If your attention to sports is anything like mine, you may not be aware of the latest controversy in the NFL. Colin Kaepernick, the quarterback of the San Francisco 49ers, refused to stand during the traditional pregame playing of the national anthem. As would be expected, a public outcry ensued.
Kaepernick’s decision to remain seated was influenced by his protesting of the oppression of minorities in the United States. As I am sure any and all readers are aware of, this is quite a hot topic within our country right now. When it comes down to the action itself, it was entirely legal and within Kaepernick’s rights. Conversely, some are seeing it as disrespect aimed at a great country. Am I writing this to tell you which it was? No. What I’m here to do is muse on the idea that maybe this is being blown out of proportion.
Here’s the deal, in the United States, we have the rights of freedom of speech and expression. Especially in matters of protest, these rights are essential to the freedom and liberty that the United States prides itself on. And whether or not you see this as an act of disrespect, the fact that you can express your opinion openly and freely is based on the same right that Kaepernick has to express his opinions openly and freely.
So let me ask you this when you went back to your everyday life after the incident, was anything different? Did you look out your window and see the people trampling the flag while praising the Communist Manifesto? Did you see thousands of racist people see the error of their ways and start to campaign for equality? Did you turn on your television to your favorite politically driven news channel and see that our congress suddenly decided to begin doing their jobs? Did you see policymakers begin working together to further the country instead of working to make their paychecks bigger? No. You saw none of these things. And you won’t see these things. Because whether you like it or not, in the grand scheme of things, an athlete refusing to stand for the national anthem means absolutely nothing.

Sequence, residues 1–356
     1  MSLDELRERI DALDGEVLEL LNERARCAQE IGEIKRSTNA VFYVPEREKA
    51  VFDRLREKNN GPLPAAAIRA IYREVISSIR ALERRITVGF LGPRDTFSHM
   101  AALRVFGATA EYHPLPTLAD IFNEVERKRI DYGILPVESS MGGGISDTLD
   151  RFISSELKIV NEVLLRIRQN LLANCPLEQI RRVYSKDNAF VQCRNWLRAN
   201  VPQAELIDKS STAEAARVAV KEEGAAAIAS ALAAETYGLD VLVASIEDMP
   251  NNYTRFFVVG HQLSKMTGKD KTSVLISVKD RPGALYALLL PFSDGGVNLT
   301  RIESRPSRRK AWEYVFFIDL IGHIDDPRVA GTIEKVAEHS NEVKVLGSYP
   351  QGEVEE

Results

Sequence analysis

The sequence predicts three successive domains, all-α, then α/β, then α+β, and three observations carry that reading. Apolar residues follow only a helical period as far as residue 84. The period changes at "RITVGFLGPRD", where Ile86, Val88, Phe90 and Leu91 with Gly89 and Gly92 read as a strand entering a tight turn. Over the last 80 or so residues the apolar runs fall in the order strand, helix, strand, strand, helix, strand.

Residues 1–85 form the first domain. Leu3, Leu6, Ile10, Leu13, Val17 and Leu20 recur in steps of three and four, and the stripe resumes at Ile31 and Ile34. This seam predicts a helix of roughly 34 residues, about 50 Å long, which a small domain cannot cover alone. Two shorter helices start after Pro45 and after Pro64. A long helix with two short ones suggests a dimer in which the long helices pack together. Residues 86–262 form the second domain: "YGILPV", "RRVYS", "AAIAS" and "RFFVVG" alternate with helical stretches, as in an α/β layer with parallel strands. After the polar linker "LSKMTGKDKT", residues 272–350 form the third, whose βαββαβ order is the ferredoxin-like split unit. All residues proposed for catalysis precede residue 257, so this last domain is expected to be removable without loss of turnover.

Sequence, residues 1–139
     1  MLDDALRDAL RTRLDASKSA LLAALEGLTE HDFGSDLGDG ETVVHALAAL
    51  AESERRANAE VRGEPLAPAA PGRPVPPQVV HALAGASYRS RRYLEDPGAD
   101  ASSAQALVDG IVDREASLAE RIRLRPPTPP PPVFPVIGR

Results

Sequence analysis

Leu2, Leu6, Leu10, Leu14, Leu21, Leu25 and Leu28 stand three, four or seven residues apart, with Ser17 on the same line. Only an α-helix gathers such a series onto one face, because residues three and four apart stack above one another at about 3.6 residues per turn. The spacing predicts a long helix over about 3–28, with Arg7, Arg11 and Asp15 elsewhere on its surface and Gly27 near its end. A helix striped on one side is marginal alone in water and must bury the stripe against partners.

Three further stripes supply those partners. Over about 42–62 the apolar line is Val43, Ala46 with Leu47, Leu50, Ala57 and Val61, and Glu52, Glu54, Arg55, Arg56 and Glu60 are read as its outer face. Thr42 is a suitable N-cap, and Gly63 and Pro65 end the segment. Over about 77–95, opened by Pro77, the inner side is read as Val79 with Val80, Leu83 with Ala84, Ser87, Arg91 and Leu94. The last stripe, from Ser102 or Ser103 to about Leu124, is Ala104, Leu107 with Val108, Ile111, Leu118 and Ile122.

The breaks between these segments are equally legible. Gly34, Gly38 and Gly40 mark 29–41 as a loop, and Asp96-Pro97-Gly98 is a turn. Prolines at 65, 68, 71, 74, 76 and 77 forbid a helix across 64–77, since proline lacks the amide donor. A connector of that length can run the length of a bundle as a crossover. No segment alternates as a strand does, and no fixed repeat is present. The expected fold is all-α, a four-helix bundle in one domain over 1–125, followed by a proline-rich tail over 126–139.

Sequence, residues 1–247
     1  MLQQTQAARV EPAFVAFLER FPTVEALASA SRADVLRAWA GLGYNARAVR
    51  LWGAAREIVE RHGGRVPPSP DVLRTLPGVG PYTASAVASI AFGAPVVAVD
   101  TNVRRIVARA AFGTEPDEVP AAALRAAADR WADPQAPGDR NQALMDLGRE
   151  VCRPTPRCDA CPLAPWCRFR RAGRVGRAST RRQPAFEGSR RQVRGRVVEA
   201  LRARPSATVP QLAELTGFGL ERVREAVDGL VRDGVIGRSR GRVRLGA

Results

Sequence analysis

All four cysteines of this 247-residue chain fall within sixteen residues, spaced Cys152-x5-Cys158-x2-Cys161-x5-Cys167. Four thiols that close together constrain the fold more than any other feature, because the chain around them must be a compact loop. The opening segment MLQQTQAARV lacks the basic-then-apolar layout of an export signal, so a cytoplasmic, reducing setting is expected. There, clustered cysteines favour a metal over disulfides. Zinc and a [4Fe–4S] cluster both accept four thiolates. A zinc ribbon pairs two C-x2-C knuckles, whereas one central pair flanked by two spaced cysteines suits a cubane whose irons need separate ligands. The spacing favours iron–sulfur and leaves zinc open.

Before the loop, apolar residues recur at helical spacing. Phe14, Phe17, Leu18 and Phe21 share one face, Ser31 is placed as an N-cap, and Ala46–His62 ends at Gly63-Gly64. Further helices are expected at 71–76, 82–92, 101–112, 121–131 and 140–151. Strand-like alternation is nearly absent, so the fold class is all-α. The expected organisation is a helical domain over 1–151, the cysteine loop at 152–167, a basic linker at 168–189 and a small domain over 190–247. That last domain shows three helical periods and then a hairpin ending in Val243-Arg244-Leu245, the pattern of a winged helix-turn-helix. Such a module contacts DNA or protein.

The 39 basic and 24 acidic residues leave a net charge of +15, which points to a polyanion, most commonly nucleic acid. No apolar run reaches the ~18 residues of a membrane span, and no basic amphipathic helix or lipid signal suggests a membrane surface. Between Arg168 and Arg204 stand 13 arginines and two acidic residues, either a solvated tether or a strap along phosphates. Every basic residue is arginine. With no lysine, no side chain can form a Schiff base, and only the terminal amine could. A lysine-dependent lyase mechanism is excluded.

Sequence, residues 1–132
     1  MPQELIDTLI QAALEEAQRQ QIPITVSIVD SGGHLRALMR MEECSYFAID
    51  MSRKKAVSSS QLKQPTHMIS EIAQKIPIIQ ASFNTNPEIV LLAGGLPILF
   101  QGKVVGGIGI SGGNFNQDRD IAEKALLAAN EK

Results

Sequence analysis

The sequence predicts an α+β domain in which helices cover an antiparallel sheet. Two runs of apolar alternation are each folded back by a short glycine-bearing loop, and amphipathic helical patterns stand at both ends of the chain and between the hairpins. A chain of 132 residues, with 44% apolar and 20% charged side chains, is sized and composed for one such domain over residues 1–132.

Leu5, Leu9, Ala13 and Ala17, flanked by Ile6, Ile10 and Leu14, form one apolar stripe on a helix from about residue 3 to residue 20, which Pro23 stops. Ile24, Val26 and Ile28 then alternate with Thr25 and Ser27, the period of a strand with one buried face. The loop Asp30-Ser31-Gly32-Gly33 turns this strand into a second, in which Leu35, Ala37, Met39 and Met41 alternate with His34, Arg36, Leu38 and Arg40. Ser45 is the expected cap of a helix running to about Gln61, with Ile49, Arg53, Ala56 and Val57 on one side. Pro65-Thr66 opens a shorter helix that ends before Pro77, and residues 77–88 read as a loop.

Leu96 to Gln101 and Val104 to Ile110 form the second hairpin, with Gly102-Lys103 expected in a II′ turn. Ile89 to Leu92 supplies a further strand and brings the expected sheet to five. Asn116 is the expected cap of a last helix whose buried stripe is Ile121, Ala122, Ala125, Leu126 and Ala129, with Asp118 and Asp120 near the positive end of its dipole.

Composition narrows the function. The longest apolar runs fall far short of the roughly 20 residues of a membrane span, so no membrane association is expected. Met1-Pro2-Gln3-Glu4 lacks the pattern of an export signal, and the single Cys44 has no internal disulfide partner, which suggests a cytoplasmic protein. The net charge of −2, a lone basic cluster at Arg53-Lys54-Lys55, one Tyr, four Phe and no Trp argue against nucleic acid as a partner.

And was it disrespectful? You decide. What I saw was a man refusing to participate in something he did not agree with. When was the last time you stood for the national anthem, wiped a tear from your eye, felt your heart beating in your chest, and pondered what a privilege it was to live in this great country? If my attendance at any sporting event has taught me anything, it is the fact that the national anthem is simply a two(ish) minute long break from whatever conversation you were having before the music started. This is not to say that recognizing our liberties and privileges isn’t essential because I do believe we need to understand how lucky we are to live in the United States. But rather calling to mind the absurdity that is this controversy.
So for those of you who think it was disrespectful, that is certainly a valid point. For those of you who think it was warranted, also a valid point. I frankly, could not care less. Because once again, people in our country are more upset about whether or not a man stood during a song than the crippling debt our country is facing. People are more worked up about Kaepernick than they are about the disappearance of the middle class. People are arguing with more passion about a football player’s action than they are about the fact that racism is still a huge problem in this country. People are dedicating more time to this squabble than they are the nightmarish presidential race we are currently watching unfold. The things that are found important in our country are becoming increasingly mind numbing and inconsequential, and I for one, am disappointed, to say the least.